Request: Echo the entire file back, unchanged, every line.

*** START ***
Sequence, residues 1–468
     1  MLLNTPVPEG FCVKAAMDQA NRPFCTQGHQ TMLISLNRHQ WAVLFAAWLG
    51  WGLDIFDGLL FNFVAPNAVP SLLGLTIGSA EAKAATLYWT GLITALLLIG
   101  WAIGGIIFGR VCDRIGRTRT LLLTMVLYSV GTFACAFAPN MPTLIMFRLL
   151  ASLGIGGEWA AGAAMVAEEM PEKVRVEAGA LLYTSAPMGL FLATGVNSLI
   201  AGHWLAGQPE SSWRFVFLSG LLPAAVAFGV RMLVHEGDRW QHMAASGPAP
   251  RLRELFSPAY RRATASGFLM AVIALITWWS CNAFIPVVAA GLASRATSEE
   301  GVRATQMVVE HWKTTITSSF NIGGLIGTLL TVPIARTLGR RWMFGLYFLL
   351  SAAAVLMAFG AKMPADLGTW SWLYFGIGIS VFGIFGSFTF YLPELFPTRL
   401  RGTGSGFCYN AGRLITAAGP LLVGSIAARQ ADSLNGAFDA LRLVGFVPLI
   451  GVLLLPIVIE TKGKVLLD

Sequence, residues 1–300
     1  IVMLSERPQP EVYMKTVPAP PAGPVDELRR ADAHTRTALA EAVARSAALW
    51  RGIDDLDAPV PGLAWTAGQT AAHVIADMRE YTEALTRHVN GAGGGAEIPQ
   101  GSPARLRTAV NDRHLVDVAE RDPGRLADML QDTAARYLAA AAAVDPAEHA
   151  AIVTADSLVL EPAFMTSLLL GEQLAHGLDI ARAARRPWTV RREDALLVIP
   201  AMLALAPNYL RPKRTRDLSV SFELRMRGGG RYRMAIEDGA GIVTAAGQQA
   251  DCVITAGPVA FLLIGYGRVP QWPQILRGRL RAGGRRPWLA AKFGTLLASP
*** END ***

Sequence, residues 1–468
     1  MLLNTPVPEG FCVKAAMDQA NRPFCTQGHQ TMLISLNRHQ WAVLFAAWLG
    51  WGLDIFDGLL FNFVAPNAVP SLLGLTIGSA EAKAATLYWT GLITALLLIG
   101  WAIGGIIFGR VCDRIGRTRT LLLTMVLYSV GTFACAFAPN MPTLIMFRLL
   151  ASLGIGGEWA AGAAMVAEEM PEKVRVEAGA LLYTSAPMGL FLATGVNSLI
   201  AGHWLAGQPE SSWRFVFLSG LLPAAVAFGV RMLVHEGDRW QHMAASGPAP
   251  RLRELFSPAY RRATASGFLM AVIALITWWS CNAFIPVVAA GLASRATSEE
   301  GVRATQMVVE HWKTTITSSF NIGGLIGTLL TVPIARTLGR RWMFGLYFLL
   351  SAAAVLMAFG AKMPADLGTW SWLYFGIGIS VFGIFGSFTF YLPELFPTRL
   401  RGTGSGFCYN AGRLITAAGP LLVGSIAARQ ADSLNGAFDA LRLVGFVPLI
   451  GVLLLPIVIE TKGKVLLD

Sequence, residues 1–300
     1  IVMLSERPQP EVYMKTVPAP PAGPVDELRR ADAHTRTALA EAVARSAALW
    51  RGIDDLDAPV PGLAWTAGQT AAHVIADMRE YTEALTRHVN GAGGGAEIPQ
   101  GSPARLRTAV NDRHLVDVAE RDPGRLADML QDTAARYLAA AAAVDPAEHA
   151  AIVTADSLVL EPAFMTSLLL GEQLAHGLDI ARAARRPWTV RREDALLVIP
   201  AMLALAPNYL RPKRTRDLSV SFELRMRGGG RYRMAIEDGA GIVTAAGQQA
   251  DCVITAGPVA FLLIGYGRVP QWPQILRGRL RAGGRRPWLA AKFGTLLASP